Clinton supporters assumed that women would vote for her.
But the Guardian reports:
A majority of white women voted for Trump. And while Clinton did carry the female vote overall, her advantage among women was a percentage point less than Obama had enjoyed over Romney in 2012.
As John Cassidy points out in the New Yorker, not only did Trump carry white women, so did Romney in 2012, McCain in 2008 and Bush in 2004. Presumably, many white women have conservative views, whether on taxes or abortion, and neither Trump’s misogyny nor Clinton’s anatomy could override those commitments.
Trump also appealed to many women who feared downward mobility and poverty, winning a majority of women without college degrees, as well as rural women. He denounced the trade deals that they felt had wrecked their economies, and vowed to create jobs by rebuilding America’s decaying infrastructure. Meanwhile, Clinton partied with her funders in the Hamptons. She represented an out-of-touch elite, and many women felt that deeply and resented her – or simply didn’t care about her campaign.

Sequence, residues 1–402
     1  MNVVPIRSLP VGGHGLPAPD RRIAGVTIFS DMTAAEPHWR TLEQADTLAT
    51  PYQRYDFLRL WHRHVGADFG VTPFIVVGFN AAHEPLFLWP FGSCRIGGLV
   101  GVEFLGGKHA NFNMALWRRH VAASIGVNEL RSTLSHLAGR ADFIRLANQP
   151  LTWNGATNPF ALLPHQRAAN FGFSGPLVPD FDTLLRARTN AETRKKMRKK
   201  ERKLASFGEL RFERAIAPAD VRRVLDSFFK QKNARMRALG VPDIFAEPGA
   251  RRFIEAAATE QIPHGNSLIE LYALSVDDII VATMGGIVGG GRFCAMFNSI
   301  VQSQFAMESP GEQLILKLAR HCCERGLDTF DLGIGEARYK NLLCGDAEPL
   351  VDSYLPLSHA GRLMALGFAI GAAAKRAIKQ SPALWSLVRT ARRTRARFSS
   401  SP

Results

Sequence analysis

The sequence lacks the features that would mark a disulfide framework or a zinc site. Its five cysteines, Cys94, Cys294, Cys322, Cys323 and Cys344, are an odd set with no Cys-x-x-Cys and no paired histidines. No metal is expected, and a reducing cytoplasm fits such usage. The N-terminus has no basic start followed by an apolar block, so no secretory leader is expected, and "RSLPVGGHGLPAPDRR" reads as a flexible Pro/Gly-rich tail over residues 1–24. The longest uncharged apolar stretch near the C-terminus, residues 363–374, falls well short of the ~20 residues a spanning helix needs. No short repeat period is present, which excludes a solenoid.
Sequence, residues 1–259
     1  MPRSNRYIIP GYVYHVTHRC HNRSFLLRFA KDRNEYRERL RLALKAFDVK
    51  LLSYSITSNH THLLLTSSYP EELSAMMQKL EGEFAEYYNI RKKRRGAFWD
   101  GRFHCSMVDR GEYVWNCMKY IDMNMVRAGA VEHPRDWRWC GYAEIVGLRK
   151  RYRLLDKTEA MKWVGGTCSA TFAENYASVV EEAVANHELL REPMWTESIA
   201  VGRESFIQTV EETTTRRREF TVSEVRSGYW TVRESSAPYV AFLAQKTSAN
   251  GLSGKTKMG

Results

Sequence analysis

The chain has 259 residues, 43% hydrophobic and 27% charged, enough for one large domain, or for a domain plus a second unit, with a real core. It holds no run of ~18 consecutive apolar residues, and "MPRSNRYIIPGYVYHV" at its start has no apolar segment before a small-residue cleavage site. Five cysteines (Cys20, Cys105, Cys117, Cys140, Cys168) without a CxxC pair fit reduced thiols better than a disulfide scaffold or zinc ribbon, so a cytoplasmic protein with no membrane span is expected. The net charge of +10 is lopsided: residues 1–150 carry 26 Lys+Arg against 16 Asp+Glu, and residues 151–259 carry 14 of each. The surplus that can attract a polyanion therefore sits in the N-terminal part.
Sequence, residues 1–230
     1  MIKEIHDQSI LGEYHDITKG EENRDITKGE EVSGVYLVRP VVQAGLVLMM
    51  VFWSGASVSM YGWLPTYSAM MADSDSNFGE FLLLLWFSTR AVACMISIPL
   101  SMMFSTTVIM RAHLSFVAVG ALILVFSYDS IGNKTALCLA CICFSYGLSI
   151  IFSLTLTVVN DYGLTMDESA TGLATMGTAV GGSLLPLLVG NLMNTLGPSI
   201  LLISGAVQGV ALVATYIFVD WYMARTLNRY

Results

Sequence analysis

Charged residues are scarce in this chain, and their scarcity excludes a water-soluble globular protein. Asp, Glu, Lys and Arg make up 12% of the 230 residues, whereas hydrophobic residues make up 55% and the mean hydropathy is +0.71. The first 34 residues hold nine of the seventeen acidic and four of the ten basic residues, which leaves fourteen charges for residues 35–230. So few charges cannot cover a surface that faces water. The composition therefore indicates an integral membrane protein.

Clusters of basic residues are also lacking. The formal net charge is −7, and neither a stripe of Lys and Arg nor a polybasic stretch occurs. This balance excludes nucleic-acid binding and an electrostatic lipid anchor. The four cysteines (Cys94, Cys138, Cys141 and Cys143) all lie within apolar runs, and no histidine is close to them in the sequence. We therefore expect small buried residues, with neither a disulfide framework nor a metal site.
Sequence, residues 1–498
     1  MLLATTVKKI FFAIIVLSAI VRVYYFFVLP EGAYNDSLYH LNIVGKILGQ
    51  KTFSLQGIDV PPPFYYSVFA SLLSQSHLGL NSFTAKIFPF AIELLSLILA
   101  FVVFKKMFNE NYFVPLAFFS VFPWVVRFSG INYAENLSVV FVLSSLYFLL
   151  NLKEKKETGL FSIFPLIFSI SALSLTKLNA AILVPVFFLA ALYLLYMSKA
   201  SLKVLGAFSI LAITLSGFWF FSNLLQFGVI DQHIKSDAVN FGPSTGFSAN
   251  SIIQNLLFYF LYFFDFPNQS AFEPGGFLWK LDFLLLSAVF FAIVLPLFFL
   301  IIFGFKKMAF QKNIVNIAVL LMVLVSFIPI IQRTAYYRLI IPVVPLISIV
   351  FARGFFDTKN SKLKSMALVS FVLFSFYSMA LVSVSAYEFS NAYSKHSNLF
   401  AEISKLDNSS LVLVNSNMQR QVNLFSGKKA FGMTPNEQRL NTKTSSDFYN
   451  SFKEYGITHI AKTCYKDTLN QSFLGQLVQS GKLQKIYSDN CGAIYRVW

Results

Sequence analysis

Clinton also failed to excite some of the women who were part of the traditional Democratic base. She did win among poor women (those making under $50,000 a year), young women, Latinas and, overwhelmingly, black women. But turnout among some of these groups was disappointing. She won black women by two percentage points less than Obama did in 2012. And compared with Obama, her margin even among the much-vaunted Latina vote was about eight points lower.
White women without college degrees [went] for him two to one.
Vanity Fair notes:
Even educated women white voters just barely leaned toward Clinton; 51 percent of white women with college degrees voted for her ….
Overall, a slim majority of women voters – 54% – went for Clinton.
Why? The exit polls suggest that economic issues trumped gender.